A team at the U.S. Army Medical Research Institute of Infectious Diseases has found a mosquito virus that's broken up into pieces. And the mosquito needs to catch several of the pieces to get an infection.

Enormous trucks from all over the country are rolling down highways toward Baton Rouge, La.

When they get to town, their task is to clear neighborhoods where streets are lined with trash from last week's massive flood.

Baton Rouge contracted with DRC Emergency Services to handle disaster response when the floods began last week. It started out rescuing people in boats, and now that the boats are docked, trucks are coming in to handle the cleanup.

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Updated at 9:10 p.m. ET with detail on limiting spam

The messaging service WhatsApp is changing its privacy policy for the first time since being bought by Facebook in 2014. The app will begin sharing some of its data and phone numbers with the social network. It will also start testing how businesses, too, can talk to its users, for instance by offering flight or shipping or banking notifications.

They've known each other for only a few months, but this love story between an Australian ultramarathoner and a Chinese stray dog has seen extraordinary highs and lows.

In a speech Thursday in Reno, Nev., Hillary Clinton argued that Donald Trump is "helping a radical fringe" — the alt-right — take over the Republican Party.

"From the start, Donald Trump has built his campaign on prejudice and paranoia. He's taking hate groups mainstream and helping a radical fringe take over one of America's two major political parties," she said. "His disregard for the values that make our country great is profoundly dangerous."

Trust the Italians to meet disaster with food.

While nobody is making light of Wednesday's earthquake that struck Amatrice, a small town in the Appenine mountains about 70 miles as the crow flies from Rome, several independent efforts have sprung up to use the town's signature dish — spaghetti all' amatriciana — to help relief efforts.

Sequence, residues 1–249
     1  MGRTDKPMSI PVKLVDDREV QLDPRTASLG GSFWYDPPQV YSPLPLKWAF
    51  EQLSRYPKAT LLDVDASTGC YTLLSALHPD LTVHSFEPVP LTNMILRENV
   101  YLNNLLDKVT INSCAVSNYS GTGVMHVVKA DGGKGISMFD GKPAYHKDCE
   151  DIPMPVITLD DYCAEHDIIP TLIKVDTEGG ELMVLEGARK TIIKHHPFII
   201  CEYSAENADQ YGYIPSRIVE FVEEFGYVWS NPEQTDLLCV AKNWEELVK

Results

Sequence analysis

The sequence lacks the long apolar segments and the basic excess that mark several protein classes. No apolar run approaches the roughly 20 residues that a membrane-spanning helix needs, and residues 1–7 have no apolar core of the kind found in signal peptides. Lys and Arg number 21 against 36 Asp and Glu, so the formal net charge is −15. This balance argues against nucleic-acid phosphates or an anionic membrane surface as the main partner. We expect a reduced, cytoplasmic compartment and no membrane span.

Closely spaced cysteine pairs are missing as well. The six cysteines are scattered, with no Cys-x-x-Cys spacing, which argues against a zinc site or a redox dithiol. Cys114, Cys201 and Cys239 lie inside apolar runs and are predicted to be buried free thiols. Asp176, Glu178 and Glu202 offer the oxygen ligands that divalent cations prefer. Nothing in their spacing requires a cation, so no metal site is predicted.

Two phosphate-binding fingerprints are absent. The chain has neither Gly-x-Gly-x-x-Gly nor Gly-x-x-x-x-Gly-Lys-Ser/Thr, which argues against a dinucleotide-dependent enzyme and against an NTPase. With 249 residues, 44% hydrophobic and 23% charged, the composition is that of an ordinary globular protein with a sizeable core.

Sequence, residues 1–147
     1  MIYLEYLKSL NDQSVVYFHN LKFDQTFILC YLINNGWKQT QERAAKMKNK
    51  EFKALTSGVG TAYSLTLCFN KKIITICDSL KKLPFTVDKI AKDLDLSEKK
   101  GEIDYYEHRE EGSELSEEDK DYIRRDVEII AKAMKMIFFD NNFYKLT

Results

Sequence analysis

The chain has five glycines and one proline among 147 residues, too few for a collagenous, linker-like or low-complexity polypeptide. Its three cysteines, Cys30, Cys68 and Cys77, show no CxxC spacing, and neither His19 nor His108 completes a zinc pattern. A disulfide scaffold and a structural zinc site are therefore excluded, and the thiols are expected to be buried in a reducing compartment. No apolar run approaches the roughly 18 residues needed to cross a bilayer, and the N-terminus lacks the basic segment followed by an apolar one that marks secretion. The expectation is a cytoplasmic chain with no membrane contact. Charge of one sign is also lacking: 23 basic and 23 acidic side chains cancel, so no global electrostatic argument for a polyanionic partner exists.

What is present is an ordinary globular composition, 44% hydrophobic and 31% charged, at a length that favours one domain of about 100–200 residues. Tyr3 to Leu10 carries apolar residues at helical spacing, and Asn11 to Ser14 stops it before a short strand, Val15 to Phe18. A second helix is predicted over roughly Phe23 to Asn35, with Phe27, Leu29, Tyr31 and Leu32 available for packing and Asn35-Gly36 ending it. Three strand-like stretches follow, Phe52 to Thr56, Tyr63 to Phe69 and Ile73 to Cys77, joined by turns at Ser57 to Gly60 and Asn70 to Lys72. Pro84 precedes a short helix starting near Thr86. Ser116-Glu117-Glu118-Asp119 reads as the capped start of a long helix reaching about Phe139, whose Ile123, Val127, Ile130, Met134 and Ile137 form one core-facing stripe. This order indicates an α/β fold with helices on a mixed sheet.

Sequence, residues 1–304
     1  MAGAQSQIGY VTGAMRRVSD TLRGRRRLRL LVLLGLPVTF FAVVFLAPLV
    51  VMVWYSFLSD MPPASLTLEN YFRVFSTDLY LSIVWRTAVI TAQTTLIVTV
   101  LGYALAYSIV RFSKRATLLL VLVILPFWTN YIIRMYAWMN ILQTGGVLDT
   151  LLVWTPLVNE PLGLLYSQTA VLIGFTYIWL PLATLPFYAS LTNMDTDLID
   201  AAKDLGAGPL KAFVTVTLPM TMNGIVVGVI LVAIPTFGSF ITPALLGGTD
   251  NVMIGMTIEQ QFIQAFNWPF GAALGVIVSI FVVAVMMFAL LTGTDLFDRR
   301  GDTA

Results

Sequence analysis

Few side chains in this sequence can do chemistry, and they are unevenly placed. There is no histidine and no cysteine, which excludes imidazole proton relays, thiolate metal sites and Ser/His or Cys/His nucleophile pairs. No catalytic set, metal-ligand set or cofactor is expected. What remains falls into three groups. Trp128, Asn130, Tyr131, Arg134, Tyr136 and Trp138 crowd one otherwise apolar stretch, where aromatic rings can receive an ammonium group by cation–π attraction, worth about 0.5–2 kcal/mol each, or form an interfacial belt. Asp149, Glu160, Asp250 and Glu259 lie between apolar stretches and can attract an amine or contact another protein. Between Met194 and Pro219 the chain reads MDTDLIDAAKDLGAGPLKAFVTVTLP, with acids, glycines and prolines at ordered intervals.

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Republican Presidential hopeful Donald Trump was on the campaign trail again last night, stopping in Jackson, Mississippi to rally supporters.

In his speech, he reiterated many of his economic and national security plans, and tailored many of his comments towards African-American and Hispanic voters.

Trump was also joined on stage by former U.K. Independence Party leader Nigel Farage, who was instrumental in pushing through the Brexit vote for Britain to leave the European Union.

Last month, Here & Now spoke with a U.S. Air Force captain departing for Mongolia to compete in the world’s longest and toughest horse race. The Mongol Derby spans more than 600 miles and takes about 10 days.

Here & Now‘s Meghna Chakrabarti checks in with Capt. Tim Finley to see how he did.

Tribute: The Man Who Led The War To Kill Smallpox

Aug 25, 2016

"Anxious, pleading, pock-deformed faces; the ugly, penetrating odor of decaying flesh; the hands, covered with pustules, reaching out, as people begged for help .... And there was no drug, no treatment that we could give them."

The EpiPen, an injectable drug that reverses severe allergic reactions, just got a little cheaper for some consumers.

The device's manufacturer, Mylan NV, announced Thursday that it will offer coupons worth as much as $300 off a two-pack.

Two Orlando-area hospitals are waiving the medical bills of victims of the Pulse nightclub shooting, praising the community response and saying they want to contribute.

More than 50 people were wounded in the June 12 attack on the Florida gay nightclub, and 49 people died.

Orlando Regional Medical Center has treated 44 victims of the shooting — more than any other hospital. The center's parent company, Orlando Health, says it will not charge victims for their treatment, reports Abe Aboraya of member station WMFE.